So they said nothing and just stood until the faint sound of an engine could be heard, and unlike the previous occurrences of this, DeVille turned to her, nodded and said, "Look happy. Really, really happy. And remember to wave when we drive away."
The black limousine with the mirror windows purred to a stop in the lay-by before the closed gate.
Sandra dropped her head for a moment and forced her face into the shape of a smile, forced her feet to skip to the gate, raise it and wave to DeVille, who smiled at her likewise.
As he passed through, she touched him demonstratively on the upper arm and said loudly, "Thank you so much! You were sent by the heavens! Please, come again, anytime you're in this part of the world!"
DeVille turned and held out his hand to her.
They shook it meaningfully and he walked to the car, opened the door and got inside.
Sandra bent forward to try and see, waving her hand in the air, shouting, "Bye! Bye now, Mr DeVille! And thank you again! Have a safe journey!"
The door closed with a soft thwack and the car pulled away.
Sandra went outside of the gate, stood by the road and continued smiling and waving until the limousine rounded the bend, and it was gone.
Rosie Wyatt looked out at the autumnal, misty forest before her and shivered again. It was cold in the car. It was early, still, and she was tired. Her head felt heavy, unresponsive.
She sighed and expected to see white dragon's breath but there was none; perhaps it was not as cold as she felt.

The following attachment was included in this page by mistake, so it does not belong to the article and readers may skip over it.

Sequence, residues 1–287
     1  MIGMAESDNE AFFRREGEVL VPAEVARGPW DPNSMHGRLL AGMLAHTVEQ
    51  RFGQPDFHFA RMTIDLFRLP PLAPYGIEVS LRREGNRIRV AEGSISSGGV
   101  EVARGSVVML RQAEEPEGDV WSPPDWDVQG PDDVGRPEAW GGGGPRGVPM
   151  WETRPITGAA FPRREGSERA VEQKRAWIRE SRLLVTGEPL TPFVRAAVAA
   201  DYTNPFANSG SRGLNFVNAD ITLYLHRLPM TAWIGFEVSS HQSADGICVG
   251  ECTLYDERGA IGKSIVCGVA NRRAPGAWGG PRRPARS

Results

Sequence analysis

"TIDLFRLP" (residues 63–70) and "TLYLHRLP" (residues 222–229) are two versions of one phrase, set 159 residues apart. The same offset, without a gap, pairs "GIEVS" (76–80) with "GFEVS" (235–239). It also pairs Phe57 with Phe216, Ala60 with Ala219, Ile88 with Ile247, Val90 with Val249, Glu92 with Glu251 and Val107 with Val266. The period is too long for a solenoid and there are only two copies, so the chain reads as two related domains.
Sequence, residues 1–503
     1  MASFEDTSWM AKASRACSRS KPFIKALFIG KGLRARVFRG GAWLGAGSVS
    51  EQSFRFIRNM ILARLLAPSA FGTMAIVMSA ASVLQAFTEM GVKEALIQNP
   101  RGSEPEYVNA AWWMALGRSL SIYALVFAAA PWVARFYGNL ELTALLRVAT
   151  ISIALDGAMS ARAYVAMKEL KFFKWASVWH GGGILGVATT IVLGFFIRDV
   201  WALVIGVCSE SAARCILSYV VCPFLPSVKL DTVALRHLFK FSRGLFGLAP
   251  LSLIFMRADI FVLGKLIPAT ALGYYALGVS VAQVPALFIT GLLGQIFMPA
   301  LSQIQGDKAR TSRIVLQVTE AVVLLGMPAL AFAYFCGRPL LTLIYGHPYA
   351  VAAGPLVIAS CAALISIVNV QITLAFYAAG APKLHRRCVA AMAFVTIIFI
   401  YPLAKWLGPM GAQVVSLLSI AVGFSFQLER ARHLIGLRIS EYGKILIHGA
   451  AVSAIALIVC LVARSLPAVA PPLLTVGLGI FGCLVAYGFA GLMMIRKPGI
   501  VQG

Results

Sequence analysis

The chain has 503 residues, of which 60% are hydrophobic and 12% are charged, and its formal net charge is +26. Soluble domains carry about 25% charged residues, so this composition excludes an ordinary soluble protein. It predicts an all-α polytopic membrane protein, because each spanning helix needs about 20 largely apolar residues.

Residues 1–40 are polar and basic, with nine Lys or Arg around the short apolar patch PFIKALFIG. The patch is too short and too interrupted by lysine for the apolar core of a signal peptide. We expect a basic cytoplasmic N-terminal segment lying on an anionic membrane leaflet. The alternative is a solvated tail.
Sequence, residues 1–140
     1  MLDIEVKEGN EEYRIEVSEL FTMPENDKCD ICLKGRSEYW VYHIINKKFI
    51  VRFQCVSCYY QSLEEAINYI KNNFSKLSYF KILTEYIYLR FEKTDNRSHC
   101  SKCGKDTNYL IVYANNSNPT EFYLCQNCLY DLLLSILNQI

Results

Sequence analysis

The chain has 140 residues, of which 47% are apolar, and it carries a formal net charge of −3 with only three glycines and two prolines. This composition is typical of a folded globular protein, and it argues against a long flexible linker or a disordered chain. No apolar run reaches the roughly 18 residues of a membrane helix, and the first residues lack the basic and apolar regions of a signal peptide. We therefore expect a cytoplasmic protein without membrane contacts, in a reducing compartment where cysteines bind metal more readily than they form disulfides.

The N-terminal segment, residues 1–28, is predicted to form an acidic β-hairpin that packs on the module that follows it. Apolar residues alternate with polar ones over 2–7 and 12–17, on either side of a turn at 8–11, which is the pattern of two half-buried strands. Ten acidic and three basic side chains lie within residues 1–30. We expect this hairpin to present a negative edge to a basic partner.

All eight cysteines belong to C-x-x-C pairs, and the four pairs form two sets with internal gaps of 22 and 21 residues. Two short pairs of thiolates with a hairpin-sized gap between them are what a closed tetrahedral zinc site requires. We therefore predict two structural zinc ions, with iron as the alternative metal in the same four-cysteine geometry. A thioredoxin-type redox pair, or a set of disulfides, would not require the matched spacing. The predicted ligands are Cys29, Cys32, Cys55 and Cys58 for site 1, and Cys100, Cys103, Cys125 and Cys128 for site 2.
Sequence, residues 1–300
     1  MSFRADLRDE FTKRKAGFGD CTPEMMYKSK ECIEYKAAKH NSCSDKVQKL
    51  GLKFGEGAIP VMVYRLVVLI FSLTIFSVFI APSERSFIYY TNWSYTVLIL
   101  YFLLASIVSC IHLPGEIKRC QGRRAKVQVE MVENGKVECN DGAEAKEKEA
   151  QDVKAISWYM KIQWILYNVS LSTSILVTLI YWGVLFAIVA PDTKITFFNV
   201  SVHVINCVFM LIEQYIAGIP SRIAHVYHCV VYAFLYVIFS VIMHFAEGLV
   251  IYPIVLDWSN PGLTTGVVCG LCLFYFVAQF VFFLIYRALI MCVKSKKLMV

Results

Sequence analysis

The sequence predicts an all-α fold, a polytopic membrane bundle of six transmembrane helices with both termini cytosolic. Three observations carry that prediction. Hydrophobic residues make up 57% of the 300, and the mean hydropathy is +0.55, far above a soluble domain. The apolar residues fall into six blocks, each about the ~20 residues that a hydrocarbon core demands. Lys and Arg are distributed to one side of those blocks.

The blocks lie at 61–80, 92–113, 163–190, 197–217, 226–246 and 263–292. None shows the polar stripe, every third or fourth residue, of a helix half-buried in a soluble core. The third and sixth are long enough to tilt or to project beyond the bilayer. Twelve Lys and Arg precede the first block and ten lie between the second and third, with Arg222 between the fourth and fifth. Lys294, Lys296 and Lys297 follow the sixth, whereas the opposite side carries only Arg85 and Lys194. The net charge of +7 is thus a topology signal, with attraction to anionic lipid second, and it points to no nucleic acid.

She got out of the car again, drew her chin and mouth right under the collar of her coat, her hands pushing deeply into the pockets, and walked around the car yet again.
She had driven to the furthest end of the car park, closest to the road; people who walked their dogs here at this time of year would park on the other side, where the various routes started to walk in the nature reserve.
Here, they were quite alone.
There were no other cars here at all this morning.
Rosie peered through the tailgate at the multi-coloured pile of quilts in the back of her estate.
There was no movement.
Rix must still be asleep.
I bet he's warm and snuggly under there, Rosie thought again and once more. Really comfortable ...
She shook her head and sat back in the driver's seat but did not close the door. It seemed warmer outside than inside the car.
She contemplated running the engine again but knew it would do no good. It didn't warm up if it wasn't driving, and the drive had not been far enough to get it more than luke warm in the first place.
Rosie Wyatt found her eyes were watering and had the deep desire to close them, just for a moment.
She was so tired ...
Flash. DeVille, shrieking as though he was on fire.
Rosie shook her head, opened her eyes again. Damn it but that had been scary. She had been so fast asleep, such a pleasant dream ...
Flash. She is holding the man by the shoulders, shouting into his face, calling him by name. Andy.
It had worked. Wonder who called him that now, Rosie thought with a sigh. Wonder if his mother called him that ...
Flash. Looking into DeVille's bright eyes and becoming terrified that he would not take that breath and just die in her arms, right here and now ...
"Stop it," said Rosie out aloud to herself, then put her hand before her mouth. She didn't want to wake up young Rix. He would be confused and Sandra was not here to take care of him.
Alright, said Rosie to herself, now stop thinking of that man and think of something else.